Does an adult offspring have to still do everything a parent tells them to do? No….of course not. But they still must honor and respect their parents, if they want that promise. (Honoring parents does not mean doing everything they want, but it does include treating them well and not speaking disrepectfully.)

Now if that adult offspring is wise, he or she will listen to guidance from parents. If parents are Christian and study God’s word diligently, they can help provide wise counsel:

Prov 15:22……22 Where there is no counsel, purposes are frustrated, but with many counselors they are accomplished.

Why is it that so many people would rather ask anybody else for advice than to ask their parents?

Earthly fathers are a picture of our heavenly father. And those who do not get along well with their earthly fathers are going to have a harder time accepting love from God.

 Eph 6:4……4 Fathers, do not exasperate your children; instead, bring them up in the training and instruction of the Lord.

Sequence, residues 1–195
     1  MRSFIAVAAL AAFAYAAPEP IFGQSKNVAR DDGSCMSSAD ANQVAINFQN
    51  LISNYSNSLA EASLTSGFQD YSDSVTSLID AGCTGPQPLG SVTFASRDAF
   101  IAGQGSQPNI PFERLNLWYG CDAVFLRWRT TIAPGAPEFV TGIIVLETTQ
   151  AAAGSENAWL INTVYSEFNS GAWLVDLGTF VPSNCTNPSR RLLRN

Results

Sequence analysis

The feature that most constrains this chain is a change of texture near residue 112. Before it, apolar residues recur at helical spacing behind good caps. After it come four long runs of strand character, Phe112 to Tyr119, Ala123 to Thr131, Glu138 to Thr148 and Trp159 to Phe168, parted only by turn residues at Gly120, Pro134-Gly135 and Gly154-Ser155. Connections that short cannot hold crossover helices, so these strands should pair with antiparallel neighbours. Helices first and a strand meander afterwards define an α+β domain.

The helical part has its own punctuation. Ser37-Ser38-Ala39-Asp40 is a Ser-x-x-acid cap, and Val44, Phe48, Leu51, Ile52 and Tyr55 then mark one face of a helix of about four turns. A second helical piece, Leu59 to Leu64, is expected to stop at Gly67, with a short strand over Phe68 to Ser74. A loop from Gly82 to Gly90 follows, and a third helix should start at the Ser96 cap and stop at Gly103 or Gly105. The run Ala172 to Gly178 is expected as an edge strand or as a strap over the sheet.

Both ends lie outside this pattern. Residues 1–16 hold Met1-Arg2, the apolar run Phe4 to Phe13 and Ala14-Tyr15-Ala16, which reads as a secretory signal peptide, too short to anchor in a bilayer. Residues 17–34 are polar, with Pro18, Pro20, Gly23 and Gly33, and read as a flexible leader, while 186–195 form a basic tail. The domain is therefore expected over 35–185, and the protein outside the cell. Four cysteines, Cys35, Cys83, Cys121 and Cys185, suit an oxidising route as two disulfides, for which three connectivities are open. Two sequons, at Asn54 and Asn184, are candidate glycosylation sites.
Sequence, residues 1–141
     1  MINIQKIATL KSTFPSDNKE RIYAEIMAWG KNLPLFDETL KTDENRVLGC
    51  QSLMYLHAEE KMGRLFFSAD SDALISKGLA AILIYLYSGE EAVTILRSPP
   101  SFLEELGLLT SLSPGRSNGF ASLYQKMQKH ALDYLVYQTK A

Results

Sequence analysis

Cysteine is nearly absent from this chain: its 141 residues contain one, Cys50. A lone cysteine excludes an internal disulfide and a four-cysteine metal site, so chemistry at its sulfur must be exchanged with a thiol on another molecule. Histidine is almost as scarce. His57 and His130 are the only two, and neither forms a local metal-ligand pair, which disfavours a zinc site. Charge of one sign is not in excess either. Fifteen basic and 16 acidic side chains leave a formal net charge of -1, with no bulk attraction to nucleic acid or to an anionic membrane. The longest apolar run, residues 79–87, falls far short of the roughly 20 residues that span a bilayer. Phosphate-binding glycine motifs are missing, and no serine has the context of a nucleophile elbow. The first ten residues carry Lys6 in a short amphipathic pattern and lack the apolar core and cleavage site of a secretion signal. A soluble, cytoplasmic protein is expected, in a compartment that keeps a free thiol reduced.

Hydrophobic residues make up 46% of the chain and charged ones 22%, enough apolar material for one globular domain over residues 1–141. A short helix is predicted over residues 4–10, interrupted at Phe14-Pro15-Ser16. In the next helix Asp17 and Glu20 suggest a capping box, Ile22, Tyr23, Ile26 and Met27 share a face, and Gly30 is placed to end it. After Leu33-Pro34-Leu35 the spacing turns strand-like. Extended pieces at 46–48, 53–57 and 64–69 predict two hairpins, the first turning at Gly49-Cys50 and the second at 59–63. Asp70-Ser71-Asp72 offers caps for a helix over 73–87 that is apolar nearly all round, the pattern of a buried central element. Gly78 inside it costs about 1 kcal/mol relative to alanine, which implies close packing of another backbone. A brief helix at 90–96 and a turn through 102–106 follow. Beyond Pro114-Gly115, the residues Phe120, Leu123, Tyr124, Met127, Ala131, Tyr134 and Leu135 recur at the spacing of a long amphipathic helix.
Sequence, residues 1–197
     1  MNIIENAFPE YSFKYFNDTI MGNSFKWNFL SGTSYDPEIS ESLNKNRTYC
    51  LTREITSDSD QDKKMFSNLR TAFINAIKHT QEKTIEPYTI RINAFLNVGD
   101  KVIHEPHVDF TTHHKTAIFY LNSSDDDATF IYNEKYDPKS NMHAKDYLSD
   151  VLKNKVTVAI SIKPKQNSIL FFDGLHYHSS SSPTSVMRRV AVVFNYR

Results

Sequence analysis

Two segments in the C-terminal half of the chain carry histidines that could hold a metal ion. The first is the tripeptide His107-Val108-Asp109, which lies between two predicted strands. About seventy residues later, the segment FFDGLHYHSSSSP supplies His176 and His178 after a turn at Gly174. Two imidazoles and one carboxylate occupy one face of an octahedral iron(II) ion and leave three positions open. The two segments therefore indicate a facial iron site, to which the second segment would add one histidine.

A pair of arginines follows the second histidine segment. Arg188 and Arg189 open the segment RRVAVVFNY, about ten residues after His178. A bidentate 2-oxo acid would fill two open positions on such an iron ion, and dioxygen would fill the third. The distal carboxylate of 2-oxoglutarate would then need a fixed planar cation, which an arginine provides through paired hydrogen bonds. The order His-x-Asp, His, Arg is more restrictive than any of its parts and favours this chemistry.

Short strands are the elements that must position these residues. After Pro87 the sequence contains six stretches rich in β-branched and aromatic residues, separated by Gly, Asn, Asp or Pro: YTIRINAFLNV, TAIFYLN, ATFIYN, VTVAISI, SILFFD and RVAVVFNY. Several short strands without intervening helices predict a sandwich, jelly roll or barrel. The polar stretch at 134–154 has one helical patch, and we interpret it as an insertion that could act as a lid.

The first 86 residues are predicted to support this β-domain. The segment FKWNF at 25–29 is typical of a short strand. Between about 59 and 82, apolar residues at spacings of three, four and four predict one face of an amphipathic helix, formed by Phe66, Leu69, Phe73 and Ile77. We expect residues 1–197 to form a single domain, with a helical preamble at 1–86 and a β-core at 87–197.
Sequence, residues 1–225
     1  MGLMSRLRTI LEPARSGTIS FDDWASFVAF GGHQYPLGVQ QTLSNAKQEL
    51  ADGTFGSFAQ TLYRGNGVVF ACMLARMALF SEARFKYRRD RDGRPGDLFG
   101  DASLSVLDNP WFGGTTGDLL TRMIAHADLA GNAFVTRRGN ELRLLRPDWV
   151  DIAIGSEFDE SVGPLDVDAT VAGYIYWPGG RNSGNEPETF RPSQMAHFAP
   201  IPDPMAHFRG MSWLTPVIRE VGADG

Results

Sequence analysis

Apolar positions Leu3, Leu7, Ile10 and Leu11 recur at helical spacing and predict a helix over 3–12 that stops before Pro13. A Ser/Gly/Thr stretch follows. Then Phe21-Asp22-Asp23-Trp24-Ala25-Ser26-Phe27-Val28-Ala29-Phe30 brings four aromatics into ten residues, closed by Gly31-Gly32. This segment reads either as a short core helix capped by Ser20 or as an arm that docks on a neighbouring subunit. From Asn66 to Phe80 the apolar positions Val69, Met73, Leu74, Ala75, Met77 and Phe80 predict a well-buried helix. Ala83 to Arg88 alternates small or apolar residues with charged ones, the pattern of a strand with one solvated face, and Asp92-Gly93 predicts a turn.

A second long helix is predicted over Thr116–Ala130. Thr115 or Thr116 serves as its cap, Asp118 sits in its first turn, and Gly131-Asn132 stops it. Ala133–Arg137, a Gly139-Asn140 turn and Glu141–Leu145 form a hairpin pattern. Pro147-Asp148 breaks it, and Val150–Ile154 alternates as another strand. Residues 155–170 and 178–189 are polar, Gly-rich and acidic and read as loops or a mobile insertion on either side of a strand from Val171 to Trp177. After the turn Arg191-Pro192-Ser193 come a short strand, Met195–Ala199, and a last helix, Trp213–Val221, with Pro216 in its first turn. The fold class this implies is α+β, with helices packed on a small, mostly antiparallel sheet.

Col 3:21……21 Fathers, do not embitter your children, or they will become discouraged. NIV

How would a father embitter or exasperate his children? By being extremely critical and unforgiving. Unfortunately, many fathers think that is the way to be a good father. They forget to make sure they give plenty of love along with correction and instruction. And some fathers are not reasonable in their criticism or correction. The purpose is to teach, not to make a person feel bad about who they are. A child who knows he or she is loved and appreciated, will not really mind correction and instruction.

Brandon lived here until he got married at age 25. Now they have a home of their own. But I’m glad he lived here that long. Certainly things didn’t always go smoothly, but I’m glad we had all those years together. I didn’t have them with my own parents. My parents didn’t like the person I was dating (he was not a bad person – they just didn’t like him), so they told me to either stop dating him or move out. So I moved out. No, it wasn’t Steve. That was before I dated him. I really struggled, though, being out on my own.